Eco Trash Couture
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In September I gave the most challenging and rewarding talk of my career at TEDxABQ!
If you do not know about TED, you need to! The idea behind these international talks is that the power of ideas can change attitudes, lives and ultimately, the world. TED, which stands for Technology, Entertainment and Design, is a nonprofit organization devoted to: Ideas Worth Spreading. Started 25 years ago, TED has grown to support those “world-changing ideas” through two annual conferences in California and Edinburgh, Scotland. The world’s leading thinkers and doers are invited to speak for up to 18 minutes. Their talks are then made available, free, at TED.com. I highly suggest you visit this site, and I can guarantee that as soon as you watch a couple of videos, you will be hooked!
I made my presentation at a TEDx event, which is an international program consisting of local, self-organized conferences. The Albuquerque event that I spoke at, now two years old, was attended by 700 people and live-simulcast to thousands more around the world.
I have been listening to TED talks for many years during the hundreds of hours I have spent working on my garments and many times I thought to myself: “I would love to be a TED speaker!” Then, last spring I received an e-mail from a TEDxABQ organizer, Stacy Snyder, encouraging me to submit an application to speak at the next Albuquerque conference. I was thrilled!!
Eighty applications were submitted and I was honored to be one of the 16 speakers chosen! Though I have given hundreds of talks during my career to audiences ranging from school children to docents in museums, this would be my largest audience, and the most professional event I had participated in. As you will see in the video, it gave me the opportunity to talk about why I create couture fashion sculptures from trash, the message I hope to impart, and the chance to issue a TED-type challenge.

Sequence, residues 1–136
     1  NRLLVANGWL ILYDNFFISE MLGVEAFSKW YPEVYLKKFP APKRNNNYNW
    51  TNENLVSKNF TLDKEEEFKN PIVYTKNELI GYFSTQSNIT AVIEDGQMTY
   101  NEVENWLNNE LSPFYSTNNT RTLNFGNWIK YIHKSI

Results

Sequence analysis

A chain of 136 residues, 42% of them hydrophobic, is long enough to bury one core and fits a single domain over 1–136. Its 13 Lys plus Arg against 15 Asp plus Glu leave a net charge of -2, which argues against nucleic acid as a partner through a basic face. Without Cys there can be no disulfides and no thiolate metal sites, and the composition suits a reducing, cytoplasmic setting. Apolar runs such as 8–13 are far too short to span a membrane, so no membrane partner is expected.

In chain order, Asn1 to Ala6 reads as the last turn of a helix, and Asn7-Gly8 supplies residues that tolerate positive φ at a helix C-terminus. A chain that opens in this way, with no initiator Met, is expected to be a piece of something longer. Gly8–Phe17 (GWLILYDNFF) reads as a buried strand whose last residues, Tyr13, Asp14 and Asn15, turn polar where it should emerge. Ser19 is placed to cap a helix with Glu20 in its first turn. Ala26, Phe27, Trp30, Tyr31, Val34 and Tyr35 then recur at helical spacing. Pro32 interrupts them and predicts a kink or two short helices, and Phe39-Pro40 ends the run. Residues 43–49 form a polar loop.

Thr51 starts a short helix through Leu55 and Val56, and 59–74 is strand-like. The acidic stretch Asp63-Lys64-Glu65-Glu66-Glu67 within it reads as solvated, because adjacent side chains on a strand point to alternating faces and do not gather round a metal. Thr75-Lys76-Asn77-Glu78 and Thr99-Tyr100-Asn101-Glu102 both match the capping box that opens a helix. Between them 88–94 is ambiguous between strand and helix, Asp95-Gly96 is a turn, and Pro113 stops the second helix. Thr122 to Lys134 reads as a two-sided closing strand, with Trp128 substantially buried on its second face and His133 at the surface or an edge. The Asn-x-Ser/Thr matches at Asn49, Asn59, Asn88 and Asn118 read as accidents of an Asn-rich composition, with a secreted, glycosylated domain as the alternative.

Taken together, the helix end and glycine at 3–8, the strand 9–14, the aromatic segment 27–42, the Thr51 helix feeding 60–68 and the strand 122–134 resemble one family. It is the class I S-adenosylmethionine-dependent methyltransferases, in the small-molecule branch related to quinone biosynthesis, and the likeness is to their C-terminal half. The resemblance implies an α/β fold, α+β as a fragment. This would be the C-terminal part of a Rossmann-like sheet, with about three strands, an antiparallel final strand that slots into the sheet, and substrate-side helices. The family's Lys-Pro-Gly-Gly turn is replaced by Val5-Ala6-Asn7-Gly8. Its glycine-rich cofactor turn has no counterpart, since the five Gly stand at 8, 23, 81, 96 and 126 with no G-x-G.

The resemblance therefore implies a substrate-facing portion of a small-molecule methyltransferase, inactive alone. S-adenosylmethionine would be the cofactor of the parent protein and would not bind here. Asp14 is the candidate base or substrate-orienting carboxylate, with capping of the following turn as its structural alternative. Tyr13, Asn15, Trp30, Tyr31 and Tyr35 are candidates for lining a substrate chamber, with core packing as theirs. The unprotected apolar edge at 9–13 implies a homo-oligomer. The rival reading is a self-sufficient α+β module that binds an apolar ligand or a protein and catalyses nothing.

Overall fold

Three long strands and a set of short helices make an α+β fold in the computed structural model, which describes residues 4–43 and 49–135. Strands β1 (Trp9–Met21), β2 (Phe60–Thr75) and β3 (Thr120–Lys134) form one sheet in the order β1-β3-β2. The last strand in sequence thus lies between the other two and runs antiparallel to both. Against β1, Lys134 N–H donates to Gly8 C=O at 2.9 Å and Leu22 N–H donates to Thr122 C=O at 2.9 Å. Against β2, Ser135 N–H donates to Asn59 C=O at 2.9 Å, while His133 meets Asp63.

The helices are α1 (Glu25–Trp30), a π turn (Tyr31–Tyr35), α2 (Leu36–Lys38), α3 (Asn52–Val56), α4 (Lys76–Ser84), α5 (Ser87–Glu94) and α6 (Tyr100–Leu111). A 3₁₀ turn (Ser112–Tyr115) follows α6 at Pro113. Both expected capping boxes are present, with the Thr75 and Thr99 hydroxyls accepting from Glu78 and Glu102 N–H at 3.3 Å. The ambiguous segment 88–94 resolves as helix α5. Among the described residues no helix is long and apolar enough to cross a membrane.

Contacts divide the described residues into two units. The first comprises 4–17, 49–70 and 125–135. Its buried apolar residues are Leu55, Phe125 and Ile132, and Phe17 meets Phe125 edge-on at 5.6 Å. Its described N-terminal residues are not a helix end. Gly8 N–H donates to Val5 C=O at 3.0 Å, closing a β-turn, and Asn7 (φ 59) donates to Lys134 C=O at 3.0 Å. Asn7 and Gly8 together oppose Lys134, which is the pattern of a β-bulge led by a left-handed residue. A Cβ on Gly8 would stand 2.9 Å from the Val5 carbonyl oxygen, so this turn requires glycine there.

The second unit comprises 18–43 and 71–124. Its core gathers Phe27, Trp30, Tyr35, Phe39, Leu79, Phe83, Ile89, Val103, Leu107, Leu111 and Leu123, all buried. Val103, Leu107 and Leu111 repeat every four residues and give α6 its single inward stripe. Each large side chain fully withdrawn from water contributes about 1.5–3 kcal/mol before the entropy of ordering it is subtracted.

From the very beginning the TEDxABQ team started working with us to prepare our talk. Carrie Williar, the Communications Director, sent us numerous examples of GREAT talks, including TED talks on how to give a TED talk! I also enjoyed the TED Commandments which includes:
- Thou Shalt Not Simply Trot Out thy Usual Shtick;
- Thou Shalt Dream a Great Dream, or Show Forth a Wondrous New Thing, Or Share Something Thou Hast Never Shared Before; and
- Thou Shalt Reveal thy Curiosity and Thy Passion.
As soon as we had a general outline of our presentation, we met with Tim Nisly, the Curator and Host of TEDxABQ, and Gregory Lay a wonderful speaking coach. They gave me very helpful advice on the content of my talk and my on-stage presence. Often a couple of speakers would arrive at the same time for the practice sessions. It was really fun meeting the other speakers and watching their talks’ progress. And as I listened to the other participants, I couldn’t help but feel so honored to be presenting alongside such talented, smart and accomplished people. I learned a lot from the advice given to them too. The primary recommendation was: practice, practice, practice! So over the next 3 months I went over my talk hundreds of times– when I could not sleep at night, sitting in the airplane, and even in the shower. And I delivered it to as many people as possible–including my hairdresser and the woman sitting in the salon chair across from me.
As part of my presentation, I displayed a dress in progress called Eco-Flamenco in the lobby. The dress is made from parachute scraps, and covered in thousands of ruffles made from cereal boxes painted with reclaimed paint and cut into circles. During my talk, I invited the audience to contribute to the garment by writing an eco-pledge– something they could do to help the environment– on a ruffle. I was very thankful to my partner, Nicole Morris, and long-time friend, Amy Pilling, for staffing my display during the breaks.
In the video (and this picture), you will see that I made a special dress for my talk. I felt like it was important that I wear something that reflected my message, so I fashioned a little dress for myself from re-claimed caution tape. When I arrived at the National Hispanic Cultural Center, a wonderful group of volunteers helped me unload all my bundles and in about three hours they had cut over 700 circles out of painted cereal boxes for the Eco-Flamenco project!
As I stood back stage waiting to speak, I felt really prepared for my talk. But I was still daunted by the idea that I was about to deliver my “world-changing idea” that would be seen by tens of thousands of people across the globe for years to come. Luckily, I was scheduled right after the Church of Beethoven presentation, which included two beautiful sections of live music. So as I waited, I closed my eyes, listened to the music…allowing myself to sink into it…and felt how lucky I was be having this exceptional experience!
I hope you enjoy my talk.
Photos by Dawn Allynn.